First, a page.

Two little Goldbelly Cardinalfish (Ostorhinchus apogonoides) are nervously seeking shelter between basalt boulders on a Mauritian reef. The Goldbelly Cardinalfish is a member of the cardinalfish family (Apogonidae) and is widespread in the Indo-Pacific region. The species occur from the Red Sea and the entire East African coast to South Africa, and in the east from the south of Japan over the Philippines and Marquesas Islands all the way to the south in Queensland, Australia, and New Caledonia.
These mouthbrooders (where the male incubates the eggs in their mouth until they hatch) are usually found in pairs but form small aggregations in certain areas.
Being typical cardinalfish, they are of average size, measuring about 8cm/3.1 inches in length.
Goldbelly Cardinalfish are among the more colourful cardinalfish species. Their flamboyant appearance, with two turquoise stripes that run over their eyes like neon tubes, breaks above the gill cover and forms small bluish spots on the rest of their bodies. Their main hues gradient between a salmon-like pink near their tail, which fades into the almost Goldfish-like orange on their main body and head. Goldbelly Cardinalfish exhibit a special feature known as the “black gut phenomenon”. In nocturnal predators like moray eels, it appears to serve to conceal bioluminescent prey in the stomach cavity from other predators so that the cardinalfish won’t light up in the dark after feeding on small prey that might have bioluminescent properties. Goldbelly Cardinalfish feed during evening hours on a variety of small fish and crustaceans/zooplankton.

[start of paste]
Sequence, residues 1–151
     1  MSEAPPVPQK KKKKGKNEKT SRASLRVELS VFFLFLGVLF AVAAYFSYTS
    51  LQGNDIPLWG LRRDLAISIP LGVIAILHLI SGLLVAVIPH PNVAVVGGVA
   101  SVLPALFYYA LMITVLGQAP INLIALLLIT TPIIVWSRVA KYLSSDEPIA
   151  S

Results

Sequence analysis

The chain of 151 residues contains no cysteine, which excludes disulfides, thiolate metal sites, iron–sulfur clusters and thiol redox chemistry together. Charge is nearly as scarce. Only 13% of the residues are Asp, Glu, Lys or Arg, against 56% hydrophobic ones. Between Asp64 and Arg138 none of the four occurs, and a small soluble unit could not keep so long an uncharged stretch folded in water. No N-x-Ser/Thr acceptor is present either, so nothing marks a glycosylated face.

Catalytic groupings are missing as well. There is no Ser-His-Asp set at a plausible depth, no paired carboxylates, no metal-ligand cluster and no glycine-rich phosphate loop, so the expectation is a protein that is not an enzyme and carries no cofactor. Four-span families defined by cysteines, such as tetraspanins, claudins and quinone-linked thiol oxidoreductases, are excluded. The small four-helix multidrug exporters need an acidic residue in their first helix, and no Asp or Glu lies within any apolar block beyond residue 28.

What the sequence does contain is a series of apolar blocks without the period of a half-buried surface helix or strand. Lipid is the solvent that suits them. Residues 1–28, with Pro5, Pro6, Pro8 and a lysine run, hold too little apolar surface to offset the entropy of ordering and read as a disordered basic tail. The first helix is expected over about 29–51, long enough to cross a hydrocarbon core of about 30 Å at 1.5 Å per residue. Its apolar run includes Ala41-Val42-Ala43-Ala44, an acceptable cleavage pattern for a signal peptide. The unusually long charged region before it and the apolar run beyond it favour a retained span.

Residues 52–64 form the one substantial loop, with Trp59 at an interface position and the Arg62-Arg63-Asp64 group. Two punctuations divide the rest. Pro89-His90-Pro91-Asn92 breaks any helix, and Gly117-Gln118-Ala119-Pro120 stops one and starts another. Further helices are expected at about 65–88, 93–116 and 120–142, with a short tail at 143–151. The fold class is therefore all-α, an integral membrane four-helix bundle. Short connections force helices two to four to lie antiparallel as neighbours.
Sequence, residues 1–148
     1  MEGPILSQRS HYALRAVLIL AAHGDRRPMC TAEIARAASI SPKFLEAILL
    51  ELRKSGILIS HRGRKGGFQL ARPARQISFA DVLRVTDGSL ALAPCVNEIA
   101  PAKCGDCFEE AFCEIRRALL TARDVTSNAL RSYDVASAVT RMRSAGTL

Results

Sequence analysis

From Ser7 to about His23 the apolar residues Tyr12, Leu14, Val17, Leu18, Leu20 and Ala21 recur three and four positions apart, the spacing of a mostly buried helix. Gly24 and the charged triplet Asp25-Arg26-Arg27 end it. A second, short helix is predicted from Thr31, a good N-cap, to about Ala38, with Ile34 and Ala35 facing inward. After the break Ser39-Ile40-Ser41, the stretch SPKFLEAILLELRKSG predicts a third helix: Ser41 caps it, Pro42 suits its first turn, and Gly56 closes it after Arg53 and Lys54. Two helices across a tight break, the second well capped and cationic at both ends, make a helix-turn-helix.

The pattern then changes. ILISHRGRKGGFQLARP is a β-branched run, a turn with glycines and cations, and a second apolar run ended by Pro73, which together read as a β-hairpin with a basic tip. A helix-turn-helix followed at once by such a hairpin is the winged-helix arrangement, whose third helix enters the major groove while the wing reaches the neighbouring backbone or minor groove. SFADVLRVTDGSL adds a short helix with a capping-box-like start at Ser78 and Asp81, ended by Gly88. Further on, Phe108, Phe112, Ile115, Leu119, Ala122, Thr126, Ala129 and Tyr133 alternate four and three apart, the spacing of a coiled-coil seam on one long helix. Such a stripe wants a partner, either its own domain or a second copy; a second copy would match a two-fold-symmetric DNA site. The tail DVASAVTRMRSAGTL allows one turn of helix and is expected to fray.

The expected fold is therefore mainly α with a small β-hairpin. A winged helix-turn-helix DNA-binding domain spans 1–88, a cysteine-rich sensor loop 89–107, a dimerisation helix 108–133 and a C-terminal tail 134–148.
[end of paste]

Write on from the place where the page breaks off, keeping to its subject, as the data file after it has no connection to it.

Just like on land in the African Savannah, where there is a gathering of many herbivores, you could expect some predators prowling around. The grazers are “en masse” and apply the strategy of “safety in numbers”. So, where there are shoals or aggregations of small fish, always keep your eyes open for the less obvious predators such as scorpionfish, lizardfish, and frogfish species.
To reduce the number of suspended particles in the image, we’ve added noise-reducing software. This specialised software, usually a generator or an effect to upload into your editing program, has been designed to remove noise from images that were recorded under darker conditions with a high ISO setting. The software, or rather filter/generator/effect, does an excellent job in masking the little whitish flakes that formed a rather unpleasant disturbance in the shot.
Did you notice the small Decoy Scorpionfish (Iracandus signifer) in the lower left corner? The Scorpionfish is, in fact, slightly bigger than the Cardinals, but due to the angle this shot is filmed at, it creates the illusion that the Cardinals are massive compared to the Scorpionfish. This illusion is called “forced perspective” and happens when an item in the scene appears farther away, closer, larger, or smaller than it actually is. It's a way of tricking what you see by using different-sized objects and how they relate to where you're looking from. In this scene, it was done unintentionally; the bright colors and the strong illumination of the Cardinals in combination with the darker and dull appearance of the Scorpionfish are at the origins of this effect in this underwater video clip.
This short underwater videoclip has been filmed in Mauritius 🇲🇺
For other cardinafish insights please go to these vlog posts:
Bring the beauty of the ocean to life with our online Marine Wildlife Videography course!